The Story of My First Property Purchase

My Money Blog has partnered with CardRatings and may receive a commission from card issuers. Some or all of the card offers that appear on this site are from advertisers and may impact how and where card products appear on the site. does not include all card companies or all available card offers. All opinions expressed are the author’s alone.

The following is a guest post from Investor Junkie, who shares the details of his first condo purchase. His blog discusses all things related to investing and being an entrepreneur.

The time was 1998. I was 28 years old, and still living with my parents in Long Island, New York. I did so, not because I had to, but because I wanted to. Even my girlfriend at the time was bitching I should move out as I made enough money. Needless to say that girlfriend wasn’t my girlfriend for much longer.

Unlike all of my other friends who enjoyed paying rent, I was on a mission. I wanted to own a condo as to me real estate is one of the best ways to increase my wealth. I made many sacrifices and pinched every penny I could. I knew exactly the area I was in the market for, and what type of property. There was a 134 unit condo complex next to the local train station. This made a primary location for New York City commuters like myself since, by railroad it was only an hour away. I got a hold of a friend of the family who was a real estate agent, and asked for comps of sold units for the previous year. The two bedroom, one and half bath units all sold for around $125k, plus or minus $5,000. With these condos the primary variable was how much was renovated since all had the same layout. These units were built in 1973, and were at the ripe age of needing must done improvements. I spotted an inefficiency in the market, and knew my target.

I looked at 5 other units in the condo complex before I found “the one”. After a few months after my initial research I spotted a unit for sale in the local newspaper. It was for sale by owner, and had an open house that Friday. After work I quickly hopped over to the place to take a look. As I entered the unit the first thing I noticed was an older couple walking out in disgust. I walked into the unit, and quickly figured out why. There was the distinct smell of an animal’s wet fur. I found from the presenter this unit had been a rental property since it was built. Everything was original, and nothing had been upgraded since it was built. Too my surprise the smell came from the living room, which had a caged ferret in it. After I inquired about the ferret, the presenter of the property explained to me the tenant had his two sons living all living in this two-bedroom apartment. This explained why the living room ceiling had pinholes in it. It appeared the tenant used a blanket to cordon off the living room into a makeshift bedroom for the oldest son. The story gets better from here.

Upon reviewing the upstairs bathroom I notice a rotting hole in the floor next to the tub. It was literal hole that you could stick your foot into. It appears the tub was never sloped properly, and all stagnant water on the lip of the tub would flow outward instead of staying within the tub. This in turn would cause the cork like material for the floor to expand and eventually rot. The flow of water then proceeded to cause damage on the first floor, which the kitchen was right below. It was obvious from viewing the place it need work and a lot of it. My first thought looking at the unit was, what a dump. But instead of smelling the stench of the ferret, I smelled opportunity.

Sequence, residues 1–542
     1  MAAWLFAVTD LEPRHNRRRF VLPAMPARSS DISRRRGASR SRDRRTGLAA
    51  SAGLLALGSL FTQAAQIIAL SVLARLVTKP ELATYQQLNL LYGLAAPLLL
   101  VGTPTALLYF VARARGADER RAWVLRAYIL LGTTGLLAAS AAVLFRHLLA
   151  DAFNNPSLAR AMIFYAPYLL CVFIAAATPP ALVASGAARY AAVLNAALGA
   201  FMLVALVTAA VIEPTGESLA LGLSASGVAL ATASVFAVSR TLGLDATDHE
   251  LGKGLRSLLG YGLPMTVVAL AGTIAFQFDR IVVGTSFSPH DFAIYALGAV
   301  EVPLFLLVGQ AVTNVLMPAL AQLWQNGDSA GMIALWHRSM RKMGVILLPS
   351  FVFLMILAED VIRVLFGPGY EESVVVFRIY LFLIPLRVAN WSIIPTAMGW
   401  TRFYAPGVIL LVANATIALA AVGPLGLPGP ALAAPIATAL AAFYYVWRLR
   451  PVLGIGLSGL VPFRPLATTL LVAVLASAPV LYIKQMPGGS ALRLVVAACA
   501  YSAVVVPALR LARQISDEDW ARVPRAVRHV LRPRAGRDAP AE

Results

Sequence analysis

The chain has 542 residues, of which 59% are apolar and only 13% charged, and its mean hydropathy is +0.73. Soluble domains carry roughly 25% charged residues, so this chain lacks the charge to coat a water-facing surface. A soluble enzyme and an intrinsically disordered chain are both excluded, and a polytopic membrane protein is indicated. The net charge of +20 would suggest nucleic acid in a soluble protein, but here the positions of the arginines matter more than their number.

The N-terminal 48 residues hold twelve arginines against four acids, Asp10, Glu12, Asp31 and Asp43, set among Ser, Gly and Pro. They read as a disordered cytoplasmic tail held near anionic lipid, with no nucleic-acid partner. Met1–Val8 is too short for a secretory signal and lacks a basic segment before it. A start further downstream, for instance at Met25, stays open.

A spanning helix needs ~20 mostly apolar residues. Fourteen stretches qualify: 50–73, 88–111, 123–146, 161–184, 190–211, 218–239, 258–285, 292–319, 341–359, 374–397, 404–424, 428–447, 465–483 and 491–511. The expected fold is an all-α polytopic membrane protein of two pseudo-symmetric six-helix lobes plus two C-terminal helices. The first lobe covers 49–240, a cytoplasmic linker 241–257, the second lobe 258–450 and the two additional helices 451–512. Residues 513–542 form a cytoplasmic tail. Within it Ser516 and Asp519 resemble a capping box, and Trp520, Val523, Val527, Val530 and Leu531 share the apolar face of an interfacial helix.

The owner of the unit was an out of town landlord (California), and for personal reasons needed to quickly sell the unit. I knew other units were going for around $125k and I estimated the unit needed to at least $25k to repair the kitchen, bathroom, and other portions of the property. I instantly knew that this was the unit I had to buy. I would be able to rebuild the unit exactly to my liking and the kitchen and baths are where you get the best bang-for-the-buck when doing home improvements. In order to break even I had to pay less than $100k. Based upon this I initially offered $94,000. The owner waited for other offers that never came. She then countered with $96,000 in which I immediately accepted.

It was great I had an offer within my target price, except I only had enough saved to put a 15% down payment. Where was I going to get the $25k to improve the property so it was livable? In talking with the mortgage broker, they stated I could get the first loan as a 30-year fixed loan, and a second loan that was 10-year $25k home improvement loan. Unfortunately a week before closing the second loan fell through, and I was only left with one loan on the property. I was beginning to get nervous, was where was I going to get the finances to improve the property?

Ironically I bought the condominium so it would make my commute to New York City easier, but I just started a new job. Unknown to me at the time the new job would have me literally traveling around the world. Within the first year of owning the property very little work was done because of my travel, and needing to get the second loan approved by another bank. I calculated I did over 100,000 miles of flight travel, so you can imagine how much work got done on the condominium. My travel time also hindered me from applying for a second loan, and for myself limited whatever time I could put into demolishing, and improving the unit myself. Six months into owning the property, I was beginning to wonder if it would ever be completed so it was in move in condition. I finally got a loan, and then had to wait another month for the work to start. My contractor had to finish other work before he could get to my project.

After nine months of owning the property, the work was completed and I was finally able to move in.

In 2003 I sold the property. I was living with my fiancé and didn’t think it was worth holding onto the property to rent. Rental rates for a 2-bedroom apartment in the area were only going for $1350 month. Enough to cover the mortgage and common charges but left very little profit. I thought it wasn’t worth the trouble renting, and best to take the profit I had (tax free since I lived in the unit). I wound up selling the unit for $230k with a net profit of $110k. Not bad for five years of ownership, and less than four years of living in the unit. As luck has it a little more than a year later, I could have sold it $335k. The new owners made only some minor improvements, and sold the unit for that amount.